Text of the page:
Program shows struggles of race over generations

GLOVERSVILLE – Growing up black in Gloversville in the 1930s and 1940s, Audrey Bowman felt all of life’s highs and lows as the wave of civil rights washed over the city.

Her school teachers made her feel loved and accepted, yet the Board of Education rejected her as an educator, saying blacks couldn’t be on the staff. The city whose businesses provided her and her friends with abundant recreational opportunities and real-life experiences dealt her another shock when the head of the local hospital’s nursing program told her, in front of her white friends, she was ineligible for the program, even though she’d been wrapping bandages as a Junior Red Cross volunteer for years.

“She looked at the four of us, then looked me right in the face and said, ‘we don’t take coloreds. You’re going to have to find a Southern school,'” she recalled.

But Bowman, like her message at Sunday’s Black History Month program at the AME Zion Church, did not dwell on rejection. It was a lesson in perseverance through struggles and a challenge to African-Americans to be active in society and take advantage of opportunities that await them, free of racial barriers.

“My grandchildren and my great-grandchildren – I want them to walk on the edge and do anything they want,” she said. “Not because of what I did, but because it’s there and it’s open to them.”

She told the 20 members of the audience that opportunities don’t come out of nowhere, and with the area’s economy, it’s not always easy to find something to love. “But you have to put yourself out there, even though sometimes you’re not going to get the results you want” she said.

“If there’s a job out there and you want it, go for it,” she added. “But make sure you qualify for it, and when you get it, make sure you do it. And even if you don’t like it, stay at it.”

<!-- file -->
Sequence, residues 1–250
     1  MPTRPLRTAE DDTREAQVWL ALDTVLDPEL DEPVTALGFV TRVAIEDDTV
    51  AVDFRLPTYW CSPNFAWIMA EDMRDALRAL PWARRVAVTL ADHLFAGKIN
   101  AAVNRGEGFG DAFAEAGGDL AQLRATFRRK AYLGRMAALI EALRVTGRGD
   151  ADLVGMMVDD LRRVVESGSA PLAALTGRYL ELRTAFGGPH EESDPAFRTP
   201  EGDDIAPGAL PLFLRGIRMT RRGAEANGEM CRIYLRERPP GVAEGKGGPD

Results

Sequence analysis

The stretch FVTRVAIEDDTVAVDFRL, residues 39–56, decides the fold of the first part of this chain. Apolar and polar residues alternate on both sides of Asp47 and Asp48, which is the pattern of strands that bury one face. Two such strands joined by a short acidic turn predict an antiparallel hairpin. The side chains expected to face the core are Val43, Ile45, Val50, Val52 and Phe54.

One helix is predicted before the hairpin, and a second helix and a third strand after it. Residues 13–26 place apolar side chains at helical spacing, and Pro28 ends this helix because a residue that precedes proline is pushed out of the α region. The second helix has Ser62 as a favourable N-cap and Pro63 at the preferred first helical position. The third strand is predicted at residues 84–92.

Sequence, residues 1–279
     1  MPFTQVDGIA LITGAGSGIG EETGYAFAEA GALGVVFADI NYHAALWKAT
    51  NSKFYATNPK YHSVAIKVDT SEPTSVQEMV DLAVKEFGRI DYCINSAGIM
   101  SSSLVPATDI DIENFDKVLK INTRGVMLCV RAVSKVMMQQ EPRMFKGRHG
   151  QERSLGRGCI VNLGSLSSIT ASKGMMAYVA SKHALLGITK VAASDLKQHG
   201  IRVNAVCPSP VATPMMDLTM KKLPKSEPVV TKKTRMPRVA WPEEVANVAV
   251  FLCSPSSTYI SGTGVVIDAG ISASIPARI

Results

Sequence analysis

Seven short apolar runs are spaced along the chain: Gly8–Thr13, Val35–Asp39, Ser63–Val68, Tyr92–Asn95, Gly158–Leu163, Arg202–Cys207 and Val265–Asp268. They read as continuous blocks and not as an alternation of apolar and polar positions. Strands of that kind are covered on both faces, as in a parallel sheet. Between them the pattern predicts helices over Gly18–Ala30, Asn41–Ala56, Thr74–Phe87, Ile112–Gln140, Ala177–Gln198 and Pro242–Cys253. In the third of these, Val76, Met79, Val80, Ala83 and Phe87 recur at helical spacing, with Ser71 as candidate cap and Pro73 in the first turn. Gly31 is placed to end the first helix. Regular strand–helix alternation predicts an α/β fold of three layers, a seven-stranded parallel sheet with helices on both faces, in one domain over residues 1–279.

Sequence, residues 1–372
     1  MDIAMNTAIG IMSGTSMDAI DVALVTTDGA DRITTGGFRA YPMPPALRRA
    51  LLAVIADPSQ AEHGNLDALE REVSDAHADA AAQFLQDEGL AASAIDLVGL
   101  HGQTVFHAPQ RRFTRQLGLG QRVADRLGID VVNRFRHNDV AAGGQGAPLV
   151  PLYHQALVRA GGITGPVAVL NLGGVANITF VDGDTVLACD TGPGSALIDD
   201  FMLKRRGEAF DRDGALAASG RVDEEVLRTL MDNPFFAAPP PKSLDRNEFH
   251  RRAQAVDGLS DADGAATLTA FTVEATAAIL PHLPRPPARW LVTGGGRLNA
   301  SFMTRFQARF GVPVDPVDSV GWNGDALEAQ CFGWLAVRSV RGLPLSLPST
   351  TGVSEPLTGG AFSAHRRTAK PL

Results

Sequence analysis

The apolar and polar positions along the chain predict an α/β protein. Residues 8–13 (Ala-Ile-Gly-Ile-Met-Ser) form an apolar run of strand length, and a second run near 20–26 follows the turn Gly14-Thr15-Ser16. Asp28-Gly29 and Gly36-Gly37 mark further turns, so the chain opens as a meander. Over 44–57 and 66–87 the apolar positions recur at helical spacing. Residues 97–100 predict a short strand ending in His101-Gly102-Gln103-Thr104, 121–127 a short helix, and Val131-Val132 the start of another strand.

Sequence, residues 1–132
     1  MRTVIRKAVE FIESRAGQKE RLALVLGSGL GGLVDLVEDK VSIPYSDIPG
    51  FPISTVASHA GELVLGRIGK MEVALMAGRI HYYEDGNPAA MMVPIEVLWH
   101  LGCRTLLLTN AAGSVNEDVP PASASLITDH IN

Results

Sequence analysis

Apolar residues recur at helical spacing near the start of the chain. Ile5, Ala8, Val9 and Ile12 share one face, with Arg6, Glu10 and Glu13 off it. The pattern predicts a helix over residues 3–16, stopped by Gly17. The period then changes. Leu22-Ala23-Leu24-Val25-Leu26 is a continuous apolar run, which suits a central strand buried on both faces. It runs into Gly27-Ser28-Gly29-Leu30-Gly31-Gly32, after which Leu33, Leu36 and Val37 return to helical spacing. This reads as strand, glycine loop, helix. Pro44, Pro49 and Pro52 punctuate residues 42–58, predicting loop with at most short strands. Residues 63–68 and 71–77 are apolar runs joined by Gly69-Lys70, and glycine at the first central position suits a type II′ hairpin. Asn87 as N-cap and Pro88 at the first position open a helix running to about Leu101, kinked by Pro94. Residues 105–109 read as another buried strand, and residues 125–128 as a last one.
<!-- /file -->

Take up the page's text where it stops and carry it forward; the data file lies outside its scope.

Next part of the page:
City Councilman-At-Large James Robinson, who announced in his speech he will run for re-election this year, said he was a living testimony of Bowman’s message, crediting her and three others – Geraldine Beekman and Cathy and Jim Brown – with helping him through challenges growing up so he could become the city’s first black councilman.

“They paved my way so now, I could have the opportunity to pave it for generations to come,” he said.

Marion Porterfield, who is Schenectady’s first African-American councilwoman, said people in her position should take pride in the opportunity they have to influence those who will come after her.

“I see myself not only as the first, but also as [someone with] an opportunity to open the door to young people to be a role model – to let young people know what they can achieve and what’s necessary,” she said.

E. Lynn Brown, Gloversville’s first black Board of Education member and the organizer of Sunday’s program, which was sponsored by Fannie Rose Temple No. 1198, said it’s important for African-Americans to not just celebrate their culture, but to take time to educate themselves about it.

She punctuated the program with anecdotes and readings that showed the evolution of her culture’s struggles through generations, and enlisted some members of the AME Zion men’s choir, director Doren Gray Sr., Harold Barksdale and the Rev. Robert Daggs, to sing three traditional, soulful spirituals, which got the audience swaying, clapping and tapping their feet.

She also enlisted Zechariah Brown and Tyrell Robinson-Glass to tell the audience about a dozen influential African-Americans, because recent generations aren’t always being taught specifically about the contribution of such men as musician Louie Armstrong, Arctic explorer Matthew Henson and Garrett Morgan, who invented the gas mask.

“You read it and say, ‘wow, I didn’t know it was a black man who invented the gas mask.’ It wasn’t part of our history,” Brown said. “It was there. It just wasn’t heard.”

The Rev. Diana Fletcher, who became pastor of the AME Zion Church in September, told the audience about her Southern upbringing – riding in the back of the bus and drinking off-brand cola because Coke was off limits, but also picking cotton because she liked to, and being part of a family and culture that did everything together.

“When one family is building a house, everyone will go there to help,” she said. “It all goes together with us helping one another because if we don’t stand together, we’d fall apart, and when you can bring the vision between a group of people, there’s no stopping them.”

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